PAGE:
8.1 Introduction of Accounting Standards
Accounting as a ‘language of business’ communicates the financial results of an enterprise to various stakeholders by means of financial statements. If the financial accounting process is not properly regulated, there is possibility of financial statements being misleading, tendentious and providing a distorted picture of the business, rather than the true. To ensure transparency, consistency, comparability, adequacy and reliability of financial reporting, it is essential to standardize the accounting principles and policies. Accounting Standards (ASs) provide framework and standard accounting policies for treatment of transactions and events so that the financial statements of dierent enterprises become comparable. Accounting standards are written policy documents issued by the expert accounting body or by the government or other regulatory body covering the aspects of recognition, measurement, presentation and disclosure of accounting transactions and events in the financial statements. The ostensible purpose of the standard setting bodies is to promote the dissemination of timely and useful financial information to investors and certain other parties having an interest in the company’s economic performance. The accounting standards deal with the issues of -
(i) recognition of events and transactions in the financial statements;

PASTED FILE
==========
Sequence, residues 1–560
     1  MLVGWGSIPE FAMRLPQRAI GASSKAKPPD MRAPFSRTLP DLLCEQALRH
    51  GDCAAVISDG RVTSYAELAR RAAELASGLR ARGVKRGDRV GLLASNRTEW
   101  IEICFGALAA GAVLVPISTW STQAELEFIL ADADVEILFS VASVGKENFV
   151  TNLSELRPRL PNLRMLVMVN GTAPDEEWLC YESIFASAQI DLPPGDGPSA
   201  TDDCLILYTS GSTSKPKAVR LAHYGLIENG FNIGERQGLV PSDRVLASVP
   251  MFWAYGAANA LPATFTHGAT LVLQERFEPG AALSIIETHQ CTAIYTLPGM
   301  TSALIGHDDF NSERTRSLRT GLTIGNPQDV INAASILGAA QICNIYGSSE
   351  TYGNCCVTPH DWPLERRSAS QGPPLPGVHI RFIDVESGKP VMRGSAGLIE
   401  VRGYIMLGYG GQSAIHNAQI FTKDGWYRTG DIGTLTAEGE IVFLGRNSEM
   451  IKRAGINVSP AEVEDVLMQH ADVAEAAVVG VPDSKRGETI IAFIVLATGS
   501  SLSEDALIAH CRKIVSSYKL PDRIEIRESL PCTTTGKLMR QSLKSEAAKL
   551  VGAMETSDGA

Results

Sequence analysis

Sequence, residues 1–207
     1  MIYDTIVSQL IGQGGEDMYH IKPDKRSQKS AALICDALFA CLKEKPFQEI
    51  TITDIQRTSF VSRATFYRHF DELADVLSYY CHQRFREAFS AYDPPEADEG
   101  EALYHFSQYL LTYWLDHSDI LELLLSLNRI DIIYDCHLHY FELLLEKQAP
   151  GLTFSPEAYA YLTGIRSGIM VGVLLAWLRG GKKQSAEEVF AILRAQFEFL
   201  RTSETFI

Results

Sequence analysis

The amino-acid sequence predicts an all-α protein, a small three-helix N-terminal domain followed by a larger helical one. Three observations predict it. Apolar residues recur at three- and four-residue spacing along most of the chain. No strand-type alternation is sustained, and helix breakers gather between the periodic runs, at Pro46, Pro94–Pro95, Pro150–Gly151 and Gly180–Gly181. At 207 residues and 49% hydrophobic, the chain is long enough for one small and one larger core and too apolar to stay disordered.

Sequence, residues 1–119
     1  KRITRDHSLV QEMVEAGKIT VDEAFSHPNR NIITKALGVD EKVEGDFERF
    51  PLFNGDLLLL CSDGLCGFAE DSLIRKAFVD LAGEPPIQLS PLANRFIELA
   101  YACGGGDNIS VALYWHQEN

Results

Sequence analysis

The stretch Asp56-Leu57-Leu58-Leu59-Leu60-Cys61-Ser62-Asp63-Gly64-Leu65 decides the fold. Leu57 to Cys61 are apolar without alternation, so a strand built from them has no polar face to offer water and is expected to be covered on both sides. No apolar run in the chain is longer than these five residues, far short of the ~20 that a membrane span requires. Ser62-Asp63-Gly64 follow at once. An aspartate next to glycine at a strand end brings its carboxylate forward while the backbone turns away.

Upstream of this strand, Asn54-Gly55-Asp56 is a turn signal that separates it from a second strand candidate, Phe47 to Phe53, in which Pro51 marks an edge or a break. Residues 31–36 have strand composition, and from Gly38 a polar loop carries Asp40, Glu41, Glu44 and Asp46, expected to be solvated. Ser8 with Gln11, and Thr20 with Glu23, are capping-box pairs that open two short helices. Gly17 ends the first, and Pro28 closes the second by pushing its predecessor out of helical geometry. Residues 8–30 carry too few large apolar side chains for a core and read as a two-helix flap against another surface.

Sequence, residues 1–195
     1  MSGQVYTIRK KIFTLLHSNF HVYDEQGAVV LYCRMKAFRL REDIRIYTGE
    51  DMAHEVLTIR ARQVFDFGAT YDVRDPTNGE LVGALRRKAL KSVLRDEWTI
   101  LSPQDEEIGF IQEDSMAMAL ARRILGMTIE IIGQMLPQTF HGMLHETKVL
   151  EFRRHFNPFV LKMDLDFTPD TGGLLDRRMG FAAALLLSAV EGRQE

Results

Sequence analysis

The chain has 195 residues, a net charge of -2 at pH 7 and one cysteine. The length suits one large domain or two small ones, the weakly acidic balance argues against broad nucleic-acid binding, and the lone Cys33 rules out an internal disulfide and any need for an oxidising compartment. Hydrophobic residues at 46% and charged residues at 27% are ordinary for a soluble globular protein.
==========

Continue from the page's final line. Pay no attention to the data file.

(ii) measurement of these transactions and events;
(iii) presentation of these transactions and events in the financial statements in a manner that is meaningful and understandable to the reader; and
(iv) the disclosure requirements which should be there to enable the public at large and the stakeholders and the potential investors in particular, to get an insight into what these financial statements are trying to reflect and thereby facilitating them to take prudent and informed business decisions.
8.2 Objectives of Accounting Standards
The whole idea of accounting standards is centered around harmonisation of accounting policies and practices followed by different business entities so that the diverse accounting practices adopted for various aspects of accounting can be standardised. Accounting Standards standardise diverse accounting policies with a view to:
(i) eliminate the non-comparability of financial statements and thereby improving the reliability of financial statements; and
(ii) provide a set of standard accounting policies, valuation norms and disclosure requirements.
Accounting standards reduce the accounting alternatives in the preparation of financial statements within the bounds of rationality, thereby ensuring comparability of financial statements of different enterprises.
8.3 Benefits and limitations of Accounting Standards
Accounting standards seek to describe the accounting principles, the valuation techniques and the methods of a pplying the accounting principles in the preparation and presentation of financial statements so that they may give a true and fair view. By setting the accounting standards, the accountant has following benefits:
(i) Standards reduce to a reasonable extent or eliminate altogether confusing variations in the accounting treatments used to prepare financial statements.
(ii) There are certain areas where important information are not statutorily required to be disclosed. Standards may call for disclosure beyond that required by law.
(iii) The application of accounting standards would, to a limited extent, facilitate comparison of financial statements of companies situated in dierent parts of the world and also of different companies situated in the same country. However, it should be noted in this respect that differences in the institutions, traditions and legal systems from one country to another give rise to differences in accounting standards adopted in dierent countries.